Carriage rate of Human Immunodeficiency Virus (HIV) infection among different ABO and Rhesus blood groups in Adamawa state, Nigeria
Carriage rate of HIV infection among ABO and rhesus blood groups was conducted on one thousand five hundred and twenty subjects randomly selected from fifteen health institu-tions in Adamawa State. Prior to the enrollment of the subjects in the study, ethical ap-proval of the health institutions was obtained and the informed consent of the subjects sought. One thousand and thirty apparently healthy subjects were enrolled as test group while another 490 known subjects were enrolled as control group. 5ml of blood sample was collected from each subject, out which 3ml was put in plain container to extract serum needed for HIV serotyping, while the remaining 2ml was put in EDTA container for blood grouping. Analysis of ABO blood group system showed a higher distribution (50.6%) of group O and the lowest (11.7%) of group AB individuals. Statistical analysis however showed no significant difference in the distribution of ABO blood groups in the state (P>0.05). The overall prevalence of HIV infection was 12.6%. Statistically, there was signifi-cant difference in the prevalence of HIV sero-types in the state (P<0.05). Also, Blood group AB recorded the highest rate of HIV-2 infection (71.4%) and the least prevalence of HIV-1 (7.1%) whereas seroprevalence of HIV sero-type was significantly higher among rhesus D positive subjects than their rhesus D negative counterparts (P<0.05).
HIV, Carriage Rate, Blood groups.
Human Immunodeficiency Virus (HIV) was first reported in United State of America in 1981 but the causative agent was not identified until 1983 [1-4]. The agent was later named Human Immunodeficiency Virus type-l. In 1996, another sub-type was discovered which was slightly different from the first type and was reported to have been found in men who have migrated from Guinea Bissau, an African country. This second type was named HIV-type-2 [5,6,7]. Since then, the infection has being a serious global public health problem. Africa being the hardest hit continent . In Nigeria about six million people are cur-rently infected with the virus while the prevalent rate in Adamawa State is 4.6% .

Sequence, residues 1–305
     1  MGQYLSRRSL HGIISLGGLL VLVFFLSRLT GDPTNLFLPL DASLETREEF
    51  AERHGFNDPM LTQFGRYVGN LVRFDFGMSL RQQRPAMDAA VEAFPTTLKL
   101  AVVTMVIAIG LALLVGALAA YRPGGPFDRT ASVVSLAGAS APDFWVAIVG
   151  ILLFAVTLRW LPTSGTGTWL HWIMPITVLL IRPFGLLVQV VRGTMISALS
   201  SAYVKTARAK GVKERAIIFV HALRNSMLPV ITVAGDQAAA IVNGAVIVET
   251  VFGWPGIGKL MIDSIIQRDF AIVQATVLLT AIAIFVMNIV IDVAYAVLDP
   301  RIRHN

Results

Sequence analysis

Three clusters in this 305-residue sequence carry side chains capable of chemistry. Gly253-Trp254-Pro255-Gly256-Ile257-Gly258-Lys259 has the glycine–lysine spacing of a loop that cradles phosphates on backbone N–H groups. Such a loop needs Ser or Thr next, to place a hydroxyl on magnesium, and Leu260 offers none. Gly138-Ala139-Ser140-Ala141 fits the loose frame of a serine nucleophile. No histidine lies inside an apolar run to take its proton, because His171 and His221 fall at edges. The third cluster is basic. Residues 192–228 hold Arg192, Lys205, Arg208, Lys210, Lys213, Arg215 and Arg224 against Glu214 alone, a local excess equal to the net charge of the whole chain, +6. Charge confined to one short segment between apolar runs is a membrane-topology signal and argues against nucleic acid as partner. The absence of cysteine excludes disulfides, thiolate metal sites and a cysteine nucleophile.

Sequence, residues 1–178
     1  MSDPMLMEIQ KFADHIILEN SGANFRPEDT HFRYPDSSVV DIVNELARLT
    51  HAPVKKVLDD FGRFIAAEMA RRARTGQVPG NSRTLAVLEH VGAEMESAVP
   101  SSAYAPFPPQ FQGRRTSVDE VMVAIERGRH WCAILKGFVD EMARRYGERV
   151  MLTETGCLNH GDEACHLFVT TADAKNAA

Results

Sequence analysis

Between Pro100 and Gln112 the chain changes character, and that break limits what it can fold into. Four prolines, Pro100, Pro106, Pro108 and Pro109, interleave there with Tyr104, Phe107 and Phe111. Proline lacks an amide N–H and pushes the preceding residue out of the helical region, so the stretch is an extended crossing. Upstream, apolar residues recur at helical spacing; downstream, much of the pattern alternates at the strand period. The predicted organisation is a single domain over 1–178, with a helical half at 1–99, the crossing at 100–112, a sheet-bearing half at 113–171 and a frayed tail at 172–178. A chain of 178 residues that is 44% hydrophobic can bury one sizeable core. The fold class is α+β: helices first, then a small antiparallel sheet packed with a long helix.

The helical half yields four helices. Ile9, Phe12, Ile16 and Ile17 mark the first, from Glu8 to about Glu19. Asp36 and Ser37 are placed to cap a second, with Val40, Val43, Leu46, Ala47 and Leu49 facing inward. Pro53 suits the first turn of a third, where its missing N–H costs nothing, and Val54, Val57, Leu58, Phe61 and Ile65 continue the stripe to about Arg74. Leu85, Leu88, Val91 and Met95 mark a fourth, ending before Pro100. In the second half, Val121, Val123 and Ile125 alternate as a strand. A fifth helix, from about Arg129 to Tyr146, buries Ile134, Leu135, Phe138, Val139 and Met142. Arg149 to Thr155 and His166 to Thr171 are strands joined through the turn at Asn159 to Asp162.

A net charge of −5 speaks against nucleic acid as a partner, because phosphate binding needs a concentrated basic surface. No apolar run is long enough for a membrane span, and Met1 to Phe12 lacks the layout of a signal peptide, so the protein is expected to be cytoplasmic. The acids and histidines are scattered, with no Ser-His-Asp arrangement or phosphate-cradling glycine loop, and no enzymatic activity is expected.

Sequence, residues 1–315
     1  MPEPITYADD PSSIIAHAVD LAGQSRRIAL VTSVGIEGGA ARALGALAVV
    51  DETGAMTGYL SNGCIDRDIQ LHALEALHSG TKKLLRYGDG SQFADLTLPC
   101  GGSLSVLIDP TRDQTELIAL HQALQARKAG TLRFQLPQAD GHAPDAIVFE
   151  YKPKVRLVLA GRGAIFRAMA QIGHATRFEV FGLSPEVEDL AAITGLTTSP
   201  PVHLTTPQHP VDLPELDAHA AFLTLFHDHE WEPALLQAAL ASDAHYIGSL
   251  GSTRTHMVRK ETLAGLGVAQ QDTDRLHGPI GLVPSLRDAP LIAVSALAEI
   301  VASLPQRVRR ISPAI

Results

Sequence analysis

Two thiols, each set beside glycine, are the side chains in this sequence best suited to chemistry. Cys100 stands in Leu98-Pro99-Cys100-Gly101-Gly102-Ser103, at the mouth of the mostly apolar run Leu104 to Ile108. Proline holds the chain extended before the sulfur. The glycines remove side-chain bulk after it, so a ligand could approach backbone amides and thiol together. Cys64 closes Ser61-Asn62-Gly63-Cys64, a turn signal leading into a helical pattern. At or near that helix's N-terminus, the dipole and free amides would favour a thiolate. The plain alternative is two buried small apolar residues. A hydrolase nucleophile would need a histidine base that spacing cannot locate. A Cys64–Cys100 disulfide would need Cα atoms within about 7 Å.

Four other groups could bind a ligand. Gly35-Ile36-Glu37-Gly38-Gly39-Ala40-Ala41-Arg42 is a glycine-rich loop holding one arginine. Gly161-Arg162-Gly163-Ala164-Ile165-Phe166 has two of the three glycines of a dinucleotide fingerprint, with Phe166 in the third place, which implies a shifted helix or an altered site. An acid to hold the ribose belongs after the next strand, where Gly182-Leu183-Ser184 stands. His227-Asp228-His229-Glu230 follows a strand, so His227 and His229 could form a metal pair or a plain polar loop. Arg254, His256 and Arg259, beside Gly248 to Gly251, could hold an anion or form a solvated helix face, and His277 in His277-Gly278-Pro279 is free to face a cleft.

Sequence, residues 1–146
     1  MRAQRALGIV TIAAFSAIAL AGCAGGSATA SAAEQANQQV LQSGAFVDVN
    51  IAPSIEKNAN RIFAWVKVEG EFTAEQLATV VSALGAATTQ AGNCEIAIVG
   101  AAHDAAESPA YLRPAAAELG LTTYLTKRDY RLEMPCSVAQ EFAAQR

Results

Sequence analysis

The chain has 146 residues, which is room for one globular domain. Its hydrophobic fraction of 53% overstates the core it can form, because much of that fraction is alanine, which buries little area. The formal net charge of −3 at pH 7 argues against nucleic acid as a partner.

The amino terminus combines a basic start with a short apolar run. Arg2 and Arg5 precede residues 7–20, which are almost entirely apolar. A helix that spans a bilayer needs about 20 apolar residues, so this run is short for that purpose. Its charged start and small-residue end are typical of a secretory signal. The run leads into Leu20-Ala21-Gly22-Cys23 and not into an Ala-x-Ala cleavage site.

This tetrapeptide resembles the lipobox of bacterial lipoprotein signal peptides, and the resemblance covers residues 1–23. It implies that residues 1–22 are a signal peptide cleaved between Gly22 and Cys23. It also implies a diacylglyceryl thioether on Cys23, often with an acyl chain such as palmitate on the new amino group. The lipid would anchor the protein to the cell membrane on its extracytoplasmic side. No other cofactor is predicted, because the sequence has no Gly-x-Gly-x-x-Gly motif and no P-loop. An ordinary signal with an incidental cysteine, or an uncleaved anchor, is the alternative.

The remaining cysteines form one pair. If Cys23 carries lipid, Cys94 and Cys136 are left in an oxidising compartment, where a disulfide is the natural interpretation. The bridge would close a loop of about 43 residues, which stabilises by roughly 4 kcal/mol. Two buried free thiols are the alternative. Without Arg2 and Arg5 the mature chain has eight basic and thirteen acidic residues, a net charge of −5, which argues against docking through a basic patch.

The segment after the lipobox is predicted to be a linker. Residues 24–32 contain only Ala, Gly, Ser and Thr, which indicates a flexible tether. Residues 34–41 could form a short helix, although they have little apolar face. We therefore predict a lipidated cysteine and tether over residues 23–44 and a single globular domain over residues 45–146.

ABO blood group system was the first human blood group system to be discovered . It consist of two anti-gens which when combined together determine four types of blood group in the system. The groups include: group A for those that posses A antigen, B for those with B an-tigen in their blood, AB for those that posses A and B antigens, while group O people are those that have neither A nor B antigen in their blood. Similarly, Rhesus blood group system is another important blood group next to ABO system because of its crucial role in blood transfu-sion. In this system, there are three dominant antigens and three recessive antigens all of which assembled together to form eight different types of Rhesus blood group. The dominant antigens are designated by letters C, D, and E while their recessive forms are c, d and e. Whenever any of the dominant antigens is present in the blood of an in-dividual, such an individual is said to be Rhesus positive and if no dominant Rhesus antigen is present, the individ-ual, is said to be Rhesus negative. If for instance D anti-gen is detected in a blood specimen, the result of the grouping test will read Rhesus (D) positive.